Fallacies in Feelings

"Fallacies in Feelings"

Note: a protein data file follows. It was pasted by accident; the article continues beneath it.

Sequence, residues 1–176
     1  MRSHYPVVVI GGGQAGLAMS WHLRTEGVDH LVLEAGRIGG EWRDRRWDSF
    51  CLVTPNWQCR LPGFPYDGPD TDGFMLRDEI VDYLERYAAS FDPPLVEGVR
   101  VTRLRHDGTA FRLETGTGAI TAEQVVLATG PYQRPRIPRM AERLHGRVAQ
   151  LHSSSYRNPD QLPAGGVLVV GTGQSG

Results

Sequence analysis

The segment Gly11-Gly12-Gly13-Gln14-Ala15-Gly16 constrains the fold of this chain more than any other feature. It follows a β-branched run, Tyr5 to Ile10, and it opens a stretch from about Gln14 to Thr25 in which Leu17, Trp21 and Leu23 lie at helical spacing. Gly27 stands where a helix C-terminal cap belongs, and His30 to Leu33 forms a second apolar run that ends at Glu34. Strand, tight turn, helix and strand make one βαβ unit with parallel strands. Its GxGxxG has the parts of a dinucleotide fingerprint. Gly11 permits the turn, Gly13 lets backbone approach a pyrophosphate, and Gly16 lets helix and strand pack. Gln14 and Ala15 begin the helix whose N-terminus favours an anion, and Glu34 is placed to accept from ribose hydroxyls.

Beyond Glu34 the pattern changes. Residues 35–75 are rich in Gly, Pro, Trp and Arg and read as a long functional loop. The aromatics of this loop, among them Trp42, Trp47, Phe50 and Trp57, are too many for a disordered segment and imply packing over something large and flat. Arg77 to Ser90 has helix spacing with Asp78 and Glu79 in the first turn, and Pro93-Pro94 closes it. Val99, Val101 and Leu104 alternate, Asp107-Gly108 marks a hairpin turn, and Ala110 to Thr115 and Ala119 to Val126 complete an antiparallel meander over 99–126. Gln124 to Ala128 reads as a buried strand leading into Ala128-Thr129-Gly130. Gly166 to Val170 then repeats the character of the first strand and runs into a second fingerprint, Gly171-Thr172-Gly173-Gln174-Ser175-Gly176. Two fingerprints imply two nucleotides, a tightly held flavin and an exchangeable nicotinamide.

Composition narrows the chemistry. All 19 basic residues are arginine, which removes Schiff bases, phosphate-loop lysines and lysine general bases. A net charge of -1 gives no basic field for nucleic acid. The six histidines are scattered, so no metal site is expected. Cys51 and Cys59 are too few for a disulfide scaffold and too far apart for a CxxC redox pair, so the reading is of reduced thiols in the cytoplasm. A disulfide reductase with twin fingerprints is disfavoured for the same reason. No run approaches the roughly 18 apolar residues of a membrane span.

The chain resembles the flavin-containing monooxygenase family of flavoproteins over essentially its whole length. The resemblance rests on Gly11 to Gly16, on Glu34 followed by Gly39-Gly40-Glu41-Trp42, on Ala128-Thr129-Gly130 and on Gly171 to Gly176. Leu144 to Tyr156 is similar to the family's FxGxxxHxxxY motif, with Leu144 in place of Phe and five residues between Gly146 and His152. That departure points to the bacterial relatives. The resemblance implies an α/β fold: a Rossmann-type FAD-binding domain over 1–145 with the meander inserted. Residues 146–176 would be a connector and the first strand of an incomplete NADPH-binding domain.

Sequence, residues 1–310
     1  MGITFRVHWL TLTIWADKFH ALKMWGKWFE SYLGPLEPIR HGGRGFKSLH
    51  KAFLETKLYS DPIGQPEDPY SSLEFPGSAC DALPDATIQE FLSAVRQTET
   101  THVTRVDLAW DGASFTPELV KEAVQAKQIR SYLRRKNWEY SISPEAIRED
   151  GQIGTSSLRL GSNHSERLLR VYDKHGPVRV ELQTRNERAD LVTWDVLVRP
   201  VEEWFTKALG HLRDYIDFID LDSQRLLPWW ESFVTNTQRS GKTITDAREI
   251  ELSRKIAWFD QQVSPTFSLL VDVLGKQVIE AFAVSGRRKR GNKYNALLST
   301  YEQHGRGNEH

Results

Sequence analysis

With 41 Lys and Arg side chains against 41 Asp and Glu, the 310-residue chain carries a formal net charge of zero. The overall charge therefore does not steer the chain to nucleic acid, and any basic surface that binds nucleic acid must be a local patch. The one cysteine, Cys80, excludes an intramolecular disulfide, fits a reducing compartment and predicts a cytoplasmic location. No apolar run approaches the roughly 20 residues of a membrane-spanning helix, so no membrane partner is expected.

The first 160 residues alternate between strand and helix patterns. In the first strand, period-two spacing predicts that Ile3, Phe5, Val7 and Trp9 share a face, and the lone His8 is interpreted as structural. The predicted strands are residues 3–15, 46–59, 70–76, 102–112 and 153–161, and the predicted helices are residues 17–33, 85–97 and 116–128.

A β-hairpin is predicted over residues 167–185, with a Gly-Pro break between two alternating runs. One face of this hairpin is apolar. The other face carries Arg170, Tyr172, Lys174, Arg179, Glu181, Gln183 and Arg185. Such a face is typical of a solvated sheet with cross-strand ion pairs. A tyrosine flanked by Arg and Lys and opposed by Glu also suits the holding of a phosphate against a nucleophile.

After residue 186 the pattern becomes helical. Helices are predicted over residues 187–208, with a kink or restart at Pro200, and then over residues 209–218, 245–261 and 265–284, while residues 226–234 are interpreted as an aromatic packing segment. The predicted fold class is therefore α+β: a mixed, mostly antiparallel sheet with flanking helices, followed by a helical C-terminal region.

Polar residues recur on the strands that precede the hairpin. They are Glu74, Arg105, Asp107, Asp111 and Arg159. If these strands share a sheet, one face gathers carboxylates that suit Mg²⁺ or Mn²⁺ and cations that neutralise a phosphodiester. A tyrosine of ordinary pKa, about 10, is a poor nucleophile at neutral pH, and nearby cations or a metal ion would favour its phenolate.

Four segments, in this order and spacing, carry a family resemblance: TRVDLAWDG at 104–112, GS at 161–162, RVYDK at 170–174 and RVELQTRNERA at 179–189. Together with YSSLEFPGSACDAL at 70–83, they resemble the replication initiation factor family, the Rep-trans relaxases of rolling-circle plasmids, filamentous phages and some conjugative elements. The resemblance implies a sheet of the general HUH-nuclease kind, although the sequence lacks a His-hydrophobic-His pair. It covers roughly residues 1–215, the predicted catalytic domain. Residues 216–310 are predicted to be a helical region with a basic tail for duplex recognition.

The New Yorker article on Lauren Berlant’s “affect theory” and the unattainable American Dream (Hua Hsu, “That Feeling When,” March 25, 2019) fascinated me as a musician. I connect with the term "affect" as a centuries-old musical topic tracing back to the Baroque Era (Doctrine of Affections), when the concept of Western harmony was established, enabling a wide array of “affections” to be expressed. Music's ability to persuade the emotions has not always been used ethically, but its capacity to enlighten us remains true. Playing Bernstein’s Age of Anxiety (composed soon after the explosion of the first atomic bomb) has made me somberly aware that our collective moodiness has become normalized with today’s overstimulated / hyper-speed / materialistic lifestyle. Not even a deep meditation or a mantra of “I am calm!” can reduce for long our developed susceptibility to disappointment. With increasing “microaggressions” (as Andrew B. Myers puts it), constant reports of corruption and violence in the news, and a general distrust of all experts, the world seems stacked against anyone attempting to process emotions and to be "well-tempered.” At the same time, we have neither protection from constant comparisons nor adequate communal attachments to help us recognize fallacies in our feelings. Too often we sink deeper into our emotions in pursuit of a transient authenticity. But, when we engage with minds and hearts greater than ourselves, we can be liberated and disenchanted with our despair and breathe in the awesomeness of creation.